VP Data Engineering and Analytics


AWS Services

quotationFrom the beginning, the Manifold team set the tone for our work together and has consistently exceeded our expectations. This platform has given us the ability to own end-to-end model lifecycle, and empower multiple parts of the organization to consume these technologies in a scalable, reliable, and repeatable manner.

— VP Data Engineering and Analytics


Our client is a leading entertainment company that works with both consumers and advertisers. Their existing machine learning (ML) models were being run on third-party infrastructure and proprietary software, impeding their internal data science teams' efforts to improve model performance. The infrastructure was also managed by people, rather than being automated—leading to lags in updating models, and introducing human error.

Our client partnered with Manifold so they could own their end-to-end, automated modeling development and deployment infrastructure. Making this change required:

  1. Migrating existing models to the client's Amazon Web Services (AWS) environment
  2. Rebuilding the models on a more developer-friendly tech stack


In three months, the Manifold team, consisting of three machine learning engineers and an infrastructure engineer, re-implemented the previous proprietary modeling work to a Python code base that used containerization for local development and deployment. A new container-based modeling deployment pipeline was built in the client's AWS environment, using AWS CodeBuild and Elastic Container Registry (ECR).

The client was then able to easily run predictions from within their own infrastructure, using trained models that outperformed the previous versions. Groups throughout the company are beginning to use the infrastructure—easily onboarding their data science teams and ensuring the company has one set of pipelines to manage for analytical work.


The required engineering work had two main components: model development and model deployment.


The Manifold team architected and built a flexible ML pipeline that allowed for rapid iteration cycles of experimentation and analysis. The ML pipeline was completely container-based, including local development environments and remote training environments. Streamlined inference-time images for deployment were created with model artifacts baked directly into images due to their small size. Additionally, the inference-time images were built with a deployment pipeline specification with standard entry-points for running predictions.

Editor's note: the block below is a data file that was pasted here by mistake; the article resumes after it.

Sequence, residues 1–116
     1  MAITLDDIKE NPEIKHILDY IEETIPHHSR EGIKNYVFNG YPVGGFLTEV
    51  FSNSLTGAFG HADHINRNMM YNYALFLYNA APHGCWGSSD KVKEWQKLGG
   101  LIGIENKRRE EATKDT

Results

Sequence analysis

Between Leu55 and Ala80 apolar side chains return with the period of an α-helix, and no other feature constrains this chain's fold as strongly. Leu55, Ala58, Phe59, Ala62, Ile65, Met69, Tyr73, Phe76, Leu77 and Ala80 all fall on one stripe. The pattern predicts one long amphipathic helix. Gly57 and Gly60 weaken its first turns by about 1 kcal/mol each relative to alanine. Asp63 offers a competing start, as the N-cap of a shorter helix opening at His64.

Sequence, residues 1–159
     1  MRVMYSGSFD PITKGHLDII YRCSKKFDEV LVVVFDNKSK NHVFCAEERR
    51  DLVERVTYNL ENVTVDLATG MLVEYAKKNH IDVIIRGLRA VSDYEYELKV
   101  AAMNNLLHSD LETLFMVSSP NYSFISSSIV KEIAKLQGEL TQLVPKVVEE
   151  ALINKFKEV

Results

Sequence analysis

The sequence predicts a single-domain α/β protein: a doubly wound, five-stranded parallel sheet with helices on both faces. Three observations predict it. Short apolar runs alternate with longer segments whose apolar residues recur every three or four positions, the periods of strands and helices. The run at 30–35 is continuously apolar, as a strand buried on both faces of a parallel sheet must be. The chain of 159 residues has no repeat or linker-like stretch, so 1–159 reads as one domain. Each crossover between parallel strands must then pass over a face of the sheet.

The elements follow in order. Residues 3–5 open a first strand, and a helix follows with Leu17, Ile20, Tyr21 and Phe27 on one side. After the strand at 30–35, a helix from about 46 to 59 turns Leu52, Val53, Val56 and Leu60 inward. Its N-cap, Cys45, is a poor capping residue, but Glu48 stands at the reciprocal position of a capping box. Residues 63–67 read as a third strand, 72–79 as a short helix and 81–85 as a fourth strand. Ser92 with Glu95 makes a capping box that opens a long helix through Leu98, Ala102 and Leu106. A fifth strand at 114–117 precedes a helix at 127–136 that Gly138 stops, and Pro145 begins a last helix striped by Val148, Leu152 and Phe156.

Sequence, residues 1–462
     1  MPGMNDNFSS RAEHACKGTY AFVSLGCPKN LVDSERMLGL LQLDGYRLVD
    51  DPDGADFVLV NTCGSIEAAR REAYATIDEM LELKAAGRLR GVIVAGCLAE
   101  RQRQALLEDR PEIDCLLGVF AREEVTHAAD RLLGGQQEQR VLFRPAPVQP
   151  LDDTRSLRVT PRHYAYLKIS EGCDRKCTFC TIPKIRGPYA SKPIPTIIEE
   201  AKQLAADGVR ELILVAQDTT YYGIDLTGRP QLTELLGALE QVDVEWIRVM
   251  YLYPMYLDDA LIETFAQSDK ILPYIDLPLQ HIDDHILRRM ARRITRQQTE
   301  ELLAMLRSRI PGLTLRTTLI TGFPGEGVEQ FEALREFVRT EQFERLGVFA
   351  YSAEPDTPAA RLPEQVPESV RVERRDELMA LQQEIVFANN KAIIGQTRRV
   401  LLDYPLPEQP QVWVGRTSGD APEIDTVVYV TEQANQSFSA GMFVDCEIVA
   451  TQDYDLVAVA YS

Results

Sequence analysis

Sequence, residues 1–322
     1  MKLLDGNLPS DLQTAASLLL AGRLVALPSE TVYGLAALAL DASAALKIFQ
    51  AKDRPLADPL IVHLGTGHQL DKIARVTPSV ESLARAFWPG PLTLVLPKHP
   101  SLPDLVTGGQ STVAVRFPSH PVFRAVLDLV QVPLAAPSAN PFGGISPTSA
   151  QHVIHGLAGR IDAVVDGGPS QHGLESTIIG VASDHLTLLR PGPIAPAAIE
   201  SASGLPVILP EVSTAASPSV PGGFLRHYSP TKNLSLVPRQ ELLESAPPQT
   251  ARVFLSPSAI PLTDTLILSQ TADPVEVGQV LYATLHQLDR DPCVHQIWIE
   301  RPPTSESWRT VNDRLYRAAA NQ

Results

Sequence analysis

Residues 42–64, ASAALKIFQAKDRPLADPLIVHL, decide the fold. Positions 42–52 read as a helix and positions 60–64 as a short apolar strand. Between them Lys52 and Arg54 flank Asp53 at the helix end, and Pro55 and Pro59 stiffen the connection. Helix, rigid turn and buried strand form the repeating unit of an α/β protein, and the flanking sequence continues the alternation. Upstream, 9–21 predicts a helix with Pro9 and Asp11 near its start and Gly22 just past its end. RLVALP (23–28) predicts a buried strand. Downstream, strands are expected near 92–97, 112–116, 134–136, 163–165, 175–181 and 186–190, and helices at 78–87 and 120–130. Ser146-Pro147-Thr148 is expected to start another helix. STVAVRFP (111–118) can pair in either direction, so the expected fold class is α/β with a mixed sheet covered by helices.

With a standardized inference image specification, the Manifold team was able to build a flexible container-based deploy-and-run pipeline that could support future modeling work that followed the same inference image specification:

BroadcastMedia_Fig1Figure 1: Inference image specification

Deployment Infrastructure

The Manifold team built a flexible and robust serverless model deployment pipeline using the following native AWS services:

  • Container Registry
  • CodeBuild
  • Simple Storage Service (S3)
  • CloudWatch Logs
  • Elastic File System (EFS)
  • Systems Manager Parameter Store
  • Aurora for PostgreSQL
  • Lambda

BroadcastMedia_Fig2Figure 2: Deployment infrastructure diagram

In this pipeline, once a machine learning engineer has finished experimentation and trained a release candidate model, they run a script to build a new production ready inference-time image and remove all development and testing libraries and packages. These inference images are then tagged and pushed to ECR for testing in a staging environment.

With the tagged image in ECR, the engineer updates a staging CodeBuild job to use a new semantic version tag of the release candidate and runs the release candidate with a default set of environment variables. The job’s build specification stores output in CloudWatch and pushes artifacts to S3. Additionally, as part of the job configuration, sensitive build parameters such as database credentials are pulled in at runtime from AWS Systems Manager Parameter Store and loaded as environment variables. Lastly, the build specification mounts an EFS volume via NFS to persist non-S3 build artifacts across job runs that need to be accessed by other systems.

Once the CodeBuild job runs the inference image in a container via the standard interface, the resulting predictions are written to an Aurora analytics database for downstream consumption. One of the downstream consumers is a Lambda job that performs a periodic ETL process to copy certain fields to an application database that is used by an Elastic Beanstalk application for visualizing various predictions.

With a serverless design for the machine learning model deployment pipeline, the client is now able to easily deploy and run new models to development, staging, and production environments without having to worry about scaling and server management.

Key Takeaways

  • Using an internal development and deployment infrastructure provides much more flexibility and scalability

  • An automated infrastructure speeds up model updates and reduces human error

  • The AWS suite of services, including AWS CodeBuild and ECR, provides tools for building a serverless machine learning model deployment pipeline